The U.S. Senate rejected President Obama’s choice as the government chief civil rights attorney because he defended a cop killer in court.
Our judicial system hinges on the right to an attorney, who ensures those accused of crimes get a fair trial. Everyone has the right to an attorney, including those with no money and cop killers.
Yes, killers are revolting, but if they are denied an attorney, who is next?,
The Senate, with 44 Republicans and eight Democrats, rejected the nomination of Debo Adegbile.
The National Fraternal Order of Police lobbied against Adegbile for the post because of his advocacy of an appeal made by a man convicted of killing a Philadelphia policeman.
“The fact that his nomination was defeated solely based on his legal representation of a defendant runs contrary to a fundamental principle of our system of justice,” Obama said.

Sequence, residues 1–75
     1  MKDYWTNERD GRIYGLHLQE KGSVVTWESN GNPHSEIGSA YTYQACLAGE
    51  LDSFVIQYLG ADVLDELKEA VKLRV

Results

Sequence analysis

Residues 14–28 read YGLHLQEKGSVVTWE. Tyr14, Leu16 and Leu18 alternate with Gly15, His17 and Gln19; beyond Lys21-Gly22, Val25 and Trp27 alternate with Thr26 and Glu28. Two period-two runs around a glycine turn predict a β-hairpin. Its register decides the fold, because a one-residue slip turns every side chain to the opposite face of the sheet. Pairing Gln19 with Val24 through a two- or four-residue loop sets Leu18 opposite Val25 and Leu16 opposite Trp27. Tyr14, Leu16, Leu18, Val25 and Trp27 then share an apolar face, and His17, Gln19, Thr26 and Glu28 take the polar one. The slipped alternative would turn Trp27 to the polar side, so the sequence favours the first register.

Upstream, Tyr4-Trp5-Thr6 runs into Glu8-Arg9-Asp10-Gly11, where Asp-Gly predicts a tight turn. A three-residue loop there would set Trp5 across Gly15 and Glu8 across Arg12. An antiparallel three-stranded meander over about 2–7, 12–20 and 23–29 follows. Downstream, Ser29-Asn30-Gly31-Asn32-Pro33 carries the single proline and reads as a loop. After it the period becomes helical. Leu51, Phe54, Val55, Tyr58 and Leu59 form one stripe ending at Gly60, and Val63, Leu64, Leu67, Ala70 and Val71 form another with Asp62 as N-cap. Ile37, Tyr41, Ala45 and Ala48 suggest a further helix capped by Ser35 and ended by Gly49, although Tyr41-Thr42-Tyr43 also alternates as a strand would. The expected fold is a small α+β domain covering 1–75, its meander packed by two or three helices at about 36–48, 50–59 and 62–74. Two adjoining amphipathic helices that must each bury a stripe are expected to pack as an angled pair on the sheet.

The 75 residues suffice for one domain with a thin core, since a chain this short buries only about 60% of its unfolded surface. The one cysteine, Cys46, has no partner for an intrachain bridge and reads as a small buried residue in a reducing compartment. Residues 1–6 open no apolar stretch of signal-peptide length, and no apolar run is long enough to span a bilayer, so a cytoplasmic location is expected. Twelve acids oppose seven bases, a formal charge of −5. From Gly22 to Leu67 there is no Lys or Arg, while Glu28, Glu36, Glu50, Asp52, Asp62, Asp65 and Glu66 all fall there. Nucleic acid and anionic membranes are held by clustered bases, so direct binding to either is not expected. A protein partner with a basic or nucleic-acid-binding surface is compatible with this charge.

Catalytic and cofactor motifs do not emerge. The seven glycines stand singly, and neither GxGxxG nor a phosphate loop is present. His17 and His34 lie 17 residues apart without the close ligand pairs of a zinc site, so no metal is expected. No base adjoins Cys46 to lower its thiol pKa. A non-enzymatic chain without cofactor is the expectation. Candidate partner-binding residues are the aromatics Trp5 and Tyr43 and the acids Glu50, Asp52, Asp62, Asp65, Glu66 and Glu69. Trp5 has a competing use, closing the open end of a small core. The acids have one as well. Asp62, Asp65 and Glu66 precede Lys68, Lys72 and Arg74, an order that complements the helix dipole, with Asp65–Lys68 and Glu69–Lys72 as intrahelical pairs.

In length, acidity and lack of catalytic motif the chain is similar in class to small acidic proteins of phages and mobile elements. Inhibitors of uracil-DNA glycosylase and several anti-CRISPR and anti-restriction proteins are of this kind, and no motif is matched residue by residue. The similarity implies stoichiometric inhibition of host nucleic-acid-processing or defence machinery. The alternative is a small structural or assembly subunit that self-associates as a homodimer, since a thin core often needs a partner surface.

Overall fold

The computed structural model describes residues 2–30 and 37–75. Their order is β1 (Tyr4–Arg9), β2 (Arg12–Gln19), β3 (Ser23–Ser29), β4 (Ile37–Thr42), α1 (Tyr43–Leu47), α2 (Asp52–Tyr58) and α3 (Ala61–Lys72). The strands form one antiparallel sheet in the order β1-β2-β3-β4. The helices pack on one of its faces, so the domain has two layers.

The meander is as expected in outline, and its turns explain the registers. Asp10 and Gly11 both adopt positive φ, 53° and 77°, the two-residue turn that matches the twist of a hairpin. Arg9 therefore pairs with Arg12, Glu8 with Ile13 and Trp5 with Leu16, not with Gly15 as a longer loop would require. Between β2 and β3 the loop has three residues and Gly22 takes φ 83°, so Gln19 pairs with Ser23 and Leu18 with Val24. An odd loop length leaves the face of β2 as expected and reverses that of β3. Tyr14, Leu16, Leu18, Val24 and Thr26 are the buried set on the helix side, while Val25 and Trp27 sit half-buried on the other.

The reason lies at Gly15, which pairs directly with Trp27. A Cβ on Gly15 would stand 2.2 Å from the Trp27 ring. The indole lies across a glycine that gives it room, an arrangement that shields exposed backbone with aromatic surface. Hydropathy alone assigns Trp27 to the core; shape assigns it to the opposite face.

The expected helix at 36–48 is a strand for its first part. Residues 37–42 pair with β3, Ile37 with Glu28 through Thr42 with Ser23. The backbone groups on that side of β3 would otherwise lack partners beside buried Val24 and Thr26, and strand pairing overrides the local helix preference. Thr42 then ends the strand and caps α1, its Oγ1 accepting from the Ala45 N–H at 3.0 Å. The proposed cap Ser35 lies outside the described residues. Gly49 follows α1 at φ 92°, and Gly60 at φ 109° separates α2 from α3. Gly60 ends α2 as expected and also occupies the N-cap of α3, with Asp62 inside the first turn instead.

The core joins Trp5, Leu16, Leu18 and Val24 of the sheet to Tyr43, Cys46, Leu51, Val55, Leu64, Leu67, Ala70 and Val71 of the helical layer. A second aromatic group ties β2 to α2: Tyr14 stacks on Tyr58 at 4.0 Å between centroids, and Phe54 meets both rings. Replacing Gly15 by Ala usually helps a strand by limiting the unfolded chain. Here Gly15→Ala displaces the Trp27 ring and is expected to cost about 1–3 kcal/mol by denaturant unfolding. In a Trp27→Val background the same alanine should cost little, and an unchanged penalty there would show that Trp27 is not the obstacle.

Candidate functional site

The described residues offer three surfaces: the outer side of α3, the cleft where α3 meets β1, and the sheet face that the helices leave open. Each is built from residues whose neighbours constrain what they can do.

It’s hard to argue, even if those words came from a politically polarizing figure like Obama.
Ironically, U.S. Supreme Court Chief Justice John Roberts represented a Florida death-row inmate convicted of eight murders.
“During the course of their long careers, both John Roberts and Debo Adegbile each performed a vital constitutional service by representing an unpopular client on death row,” said Wade Henderson, president and CEO of The Leadership Conference on Civil and Human Rights.
“Roberts is now chief justice of the Supreme Court, but opponents of the Adegbile nomination twisted reality and resorted to some of the dirtiest attacks I’ve seen in my professional career.”
The Senate’s rejection of Adegbile could have a chilling effect. Lawyers who aspire to positions in a presidential administration might duck controversial cases so representing a despicable killer won’t ruin their chances.
The American Bar Association is appropriately concerned.
“Although lawyers work for their clients, their representation does not mean that they endorse their client’s views or actions,” said ABA President James R. Silkenat.
The Senate vote, although a somewhat minor event (except for Adegbile) in Washington, D.C., is nevertheless a chip off the foundation of freedom the nation was built on.
It’s a small chip, but years and years of chips can cause significant damage.